Pamopoulos, P. (2018). ‘Vocal letters: a migrant’s family records from the 1950s and the phonographic production and reproduction of memory’, entanglements, 1(2):30-51.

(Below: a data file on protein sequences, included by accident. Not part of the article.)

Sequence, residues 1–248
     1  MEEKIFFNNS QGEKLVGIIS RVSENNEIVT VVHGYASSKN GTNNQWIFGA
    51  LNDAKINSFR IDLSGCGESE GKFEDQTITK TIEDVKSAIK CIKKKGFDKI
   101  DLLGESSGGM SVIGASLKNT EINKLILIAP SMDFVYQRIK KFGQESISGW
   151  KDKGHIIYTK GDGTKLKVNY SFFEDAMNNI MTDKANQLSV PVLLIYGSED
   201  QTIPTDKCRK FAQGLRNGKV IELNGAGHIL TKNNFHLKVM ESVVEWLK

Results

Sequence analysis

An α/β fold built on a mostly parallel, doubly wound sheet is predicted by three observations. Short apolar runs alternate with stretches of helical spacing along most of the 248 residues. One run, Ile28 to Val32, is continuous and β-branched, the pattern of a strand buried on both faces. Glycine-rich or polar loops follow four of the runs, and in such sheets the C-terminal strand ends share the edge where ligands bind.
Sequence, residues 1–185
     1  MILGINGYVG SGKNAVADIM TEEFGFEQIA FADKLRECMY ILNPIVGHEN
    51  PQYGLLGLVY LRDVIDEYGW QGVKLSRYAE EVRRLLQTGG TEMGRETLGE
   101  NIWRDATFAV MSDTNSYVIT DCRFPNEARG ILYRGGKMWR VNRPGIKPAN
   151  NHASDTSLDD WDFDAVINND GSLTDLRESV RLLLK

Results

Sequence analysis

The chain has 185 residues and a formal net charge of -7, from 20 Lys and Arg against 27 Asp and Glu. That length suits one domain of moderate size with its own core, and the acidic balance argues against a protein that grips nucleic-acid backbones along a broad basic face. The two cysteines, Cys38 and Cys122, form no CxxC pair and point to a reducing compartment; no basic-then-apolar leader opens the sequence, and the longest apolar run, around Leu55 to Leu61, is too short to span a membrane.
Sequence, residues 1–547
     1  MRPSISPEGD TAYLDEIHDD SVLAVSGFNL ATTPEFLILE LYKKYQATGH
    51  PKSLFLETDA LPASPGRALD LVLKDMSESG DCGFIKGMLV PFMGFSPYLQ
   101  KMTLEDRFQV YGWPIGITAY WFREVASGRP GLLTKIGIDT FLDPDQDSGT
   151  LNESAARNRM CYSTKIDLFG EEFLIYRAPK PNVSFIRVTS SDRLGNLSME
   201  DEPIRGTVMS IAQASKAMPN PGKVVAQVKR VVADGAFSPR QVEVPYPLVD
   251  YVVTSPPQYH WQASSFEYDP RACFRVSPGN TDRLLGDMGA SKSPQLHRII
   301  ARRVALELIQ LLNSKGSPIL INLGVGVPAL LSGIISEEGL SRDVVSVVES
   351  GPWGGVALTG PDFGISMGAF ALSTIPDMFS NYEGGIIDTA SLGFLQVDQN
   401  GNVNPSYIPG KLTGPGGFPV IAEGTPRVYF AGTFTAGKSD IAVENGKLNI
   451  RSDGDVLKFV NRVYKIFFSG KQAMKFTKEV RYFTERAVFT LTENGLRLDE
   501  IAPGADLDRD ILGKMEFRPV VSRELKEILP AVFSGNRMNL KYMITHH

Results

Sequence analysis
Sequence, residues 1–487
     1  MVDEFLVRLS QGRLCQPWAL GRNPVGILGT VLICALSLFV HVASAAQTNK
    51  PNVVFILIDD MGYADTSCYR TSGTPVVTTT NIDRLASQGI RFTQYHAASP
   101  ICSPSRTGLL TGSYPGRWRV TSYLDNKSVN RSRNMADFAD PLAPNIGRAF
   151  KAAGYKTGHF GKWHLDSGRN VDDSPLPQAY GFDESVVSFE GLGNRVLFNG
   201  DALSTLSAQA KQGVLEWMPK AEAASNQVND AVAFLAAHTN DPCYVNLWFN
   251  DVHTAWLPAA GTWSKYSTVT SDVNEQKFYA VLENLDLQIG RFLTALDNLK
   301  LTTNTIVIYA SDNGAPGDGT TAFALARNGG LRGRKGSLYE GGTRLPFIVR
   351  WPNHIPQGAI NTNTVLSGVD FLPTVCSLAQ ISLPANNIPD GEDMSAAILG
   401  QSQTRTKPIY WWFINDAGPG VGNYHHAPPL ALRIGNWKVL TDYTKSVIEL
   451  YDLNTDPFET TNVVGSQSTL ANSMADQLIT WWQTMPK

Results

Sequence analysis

Found and bought a few years ago at an Athens flea market by visual artist and avid record-collector Panos Charalambous, a body of 19 rare acetate 78 rpm. records, made in the United States in the late 1950s by the Greek migrant Konstantinos Chronis and his family, triggers a series of ethnographic and artistic encounters that bring out the role of vocality and phonography in the production and reproduction of memory. Konstantinos Chronis, who migrated to the USA in the beginning of the 20th century, sent these private recordings to his brother and his family back in Greece as a form of vocal letters, including folk songs and nostalgic narratives, family news and highly emotional promises about meeting them once again. Anthropologist Panayotis Panopoulos traces the social life of these records backwards, meeting their original receivers, members of the family and co-villagers of Konstantinos Chronis in Athens and the mountainous village of Roino in Arcadia region, Peloponnese. Vocal traces of more than half a century ago, probably considered forever lost, return to stir up memory, which was also the strong stimulus for the records’ production in the first place. Different layers of memory are assessed and discussed as various performances and levels of (phonographic) vocality accumulate through time. The artist’s intention in the project to resurrect the voices of the dead among their living relatives and village community meet the anthropologist’s interest to reassess the experience of the records’ reception and social life, in a performance of ethnographic/ artistic DJing, through which the recorded voices address their original receivers once again in a meaningful gesture of mending a broken chain of contact and communication.